North

Happy as a pig in paper: New recycling program keeps Hay River livestock warm

A simple recycling program that insulates farm animals during the winter is showing how a northern agricultural community is doing its part when waste-reduction programs fall short, or don’t exist.

'They fluff it up like they would natural straw,' says manager with Northern Farm Training Institute

Pigs at the Northern Farm Training Institute fluff up the biodegradable bedding. (Kirsten Murphy/CBC)

A simple recycling program that insulates homes for farm animals during the winter is showing how a northern agricultural community is doing its part when waste-reduction programs fall short, or don't exist.

For the third winter, the Northern Farm Training Institute (NFTI) near Hay River is lining chicken coops and pig pens with reams of shredded paper. The biodegradable strips were once office memos, newsprint, phone bills and box board — any shreddable paper product except glossy paper because of harmful dyes and inks.

In the past, businesses and schools were the main paper suppliers. But NFTI's inventory is growing with a new drop-off bin at the farm's entrance 15 kilometres from town. It's for the general public. The one downside is the paper must arrive pre-shredded.

Kim Rapati adds shredded paper to a pig pen. The paper is a free source of insulation and absorption for livestock. (Kirsten Murphy/CBC)

Like many small communities, recycling options are limited in Hay River. The Tri-R Recycling bottle depot in town accepts old electronics, some plastics and tin but no paper, which means items such as phone bills and letters end up in the trash.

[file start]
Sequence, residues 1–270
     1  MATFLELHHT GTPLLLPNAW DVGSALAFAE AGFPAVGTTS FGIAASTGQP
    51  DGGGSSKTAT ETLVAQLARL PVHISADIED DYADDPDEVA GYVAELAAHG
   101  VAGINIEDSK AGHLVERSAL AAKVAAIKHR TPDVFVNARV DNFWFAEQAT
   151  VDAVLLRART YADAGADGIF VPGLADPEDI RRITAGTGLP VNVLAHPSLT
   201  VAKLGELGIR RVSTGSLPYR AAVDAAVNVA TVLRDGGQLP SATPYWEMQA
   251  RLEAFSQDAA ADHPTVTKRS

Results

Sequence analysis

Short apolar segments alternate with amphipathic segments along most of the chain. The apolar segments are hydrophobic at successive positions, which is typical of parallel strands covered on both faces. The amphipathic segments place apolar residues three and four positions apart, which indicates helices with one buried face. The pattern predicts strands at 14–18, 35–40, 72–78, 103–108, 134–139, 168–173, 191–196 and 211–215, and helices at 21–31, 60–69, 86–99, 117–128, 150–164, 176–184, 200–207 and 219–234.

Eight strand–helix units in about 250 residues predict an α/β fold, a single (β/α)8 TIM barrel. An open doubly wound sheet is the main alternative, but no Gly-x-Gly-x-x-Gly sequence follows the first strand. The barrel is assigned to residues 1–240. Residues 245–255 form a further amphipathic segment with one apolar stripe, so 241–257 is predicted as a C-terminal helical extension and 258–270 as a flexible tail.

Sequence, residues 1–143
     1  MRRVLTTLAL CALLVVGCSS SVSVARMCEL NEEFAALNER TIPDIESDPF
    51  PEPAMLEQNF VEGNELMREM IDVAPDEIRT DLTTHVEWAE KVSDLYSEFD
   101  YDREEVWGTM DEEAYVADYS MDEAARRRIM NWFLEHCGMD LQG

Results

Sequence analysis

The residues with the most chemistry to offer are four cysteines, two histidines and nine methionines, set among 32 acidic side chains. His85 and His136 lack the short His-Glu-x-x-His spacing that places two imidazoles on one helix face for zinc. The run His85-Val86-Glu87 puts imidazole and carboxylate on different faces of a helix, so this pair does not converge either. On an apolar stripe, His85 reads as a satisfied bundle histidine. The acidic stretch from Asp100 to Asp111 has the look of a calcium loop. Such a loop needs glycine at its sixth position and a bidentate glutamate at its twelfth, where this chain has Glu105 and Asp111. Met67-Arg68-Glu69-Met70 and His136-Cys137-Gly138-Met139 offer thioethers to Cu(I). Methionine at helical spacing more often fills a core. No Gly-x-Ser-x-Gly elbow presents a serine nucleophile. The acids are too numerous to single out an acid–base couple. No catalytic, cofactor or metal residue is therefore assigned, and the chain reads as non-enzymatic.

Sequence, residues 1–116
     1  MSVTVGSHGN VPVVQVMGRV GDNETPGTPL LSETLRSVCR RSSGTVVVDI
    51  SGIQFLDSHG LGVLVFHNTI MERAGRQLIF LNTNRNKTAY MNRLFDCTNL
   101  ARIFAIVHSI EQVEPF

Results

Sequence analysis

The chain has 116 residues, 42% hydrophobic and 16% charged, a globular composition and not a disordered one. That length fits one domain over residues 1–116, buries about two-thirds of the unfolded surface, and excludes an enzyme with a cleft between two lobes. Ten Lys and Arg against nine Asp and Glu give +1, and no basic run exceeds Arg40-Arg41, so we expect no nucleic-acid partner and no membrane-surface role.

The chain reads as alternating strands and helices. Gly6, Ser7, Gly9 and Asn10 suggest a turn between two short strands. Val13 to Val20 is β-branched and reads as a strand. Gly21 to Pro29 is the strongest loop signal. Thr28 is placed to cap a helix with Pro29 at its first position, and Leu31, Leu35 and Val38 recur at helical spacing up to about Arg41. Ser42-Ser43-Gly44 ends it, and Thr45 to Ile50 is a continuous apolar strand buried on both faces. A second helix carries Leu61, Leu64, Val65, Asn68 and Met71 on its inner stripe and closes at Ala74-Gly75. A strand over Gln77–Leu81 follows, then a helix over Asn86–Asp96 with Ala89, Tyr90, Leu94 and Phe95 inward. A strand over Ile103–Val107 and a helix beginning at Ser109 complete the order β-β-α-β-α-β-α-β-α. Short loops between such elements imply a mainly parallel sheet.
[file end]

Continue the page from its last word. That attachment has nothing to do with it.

"Something like 37 per cent of our landfill is paper product, so that's a large portion in our dumps," says Kim Rapati, the farm's operations manager, citing a 2018 waste management plan by the City of Yellowknife.

"So in a small town without paper recycling you have to be creative."

Rapati says paper is softer and more absorbent than hay, although prone to clumping, which is why hay is still used in small quantities.

"Paper is a resource that we have a lot of and we found it works wonderfully for the pigs, especially in the winter," she said. "The barn can get quite muddy and gross and so it helps absorb the moisture and the animals just love it. They fluff it up like they would natural straw."

Kim Rapati collects shredded paper from NFTI’s new drop-off bin. (Kirsten Murphy/CBC)

Rapati estimates the program has kept approximately 60 cubic metres of paper — or about 20 garbage bags a month — out of the landfill since 2016.

In the spring, the paper becomes compost for the farm's vegetable garden.

Rapati hopes other small communities are encouraged to repurpose recycled materials.

She says future plans include drop off bins closer to town and on-site cardboard shredding next year.

Meanwhile, the Town of Hay River will be working on a new solid-waste management plan in the new year.

Senior administrative officer Judy Goucher says she expects household recycling will be part of the discussions.

About the Author

Kirsten Murphy is a reporter in Hay River, N.W.T. She graduated from the International Center of Photography (New York) in 2015. In 2010 Kirsten won an RTDNA award for her syndicated radio show about climate change and traditional Indigenous knowledge on CKLB. You can reach her at kirsten.murphy@cbc.ca.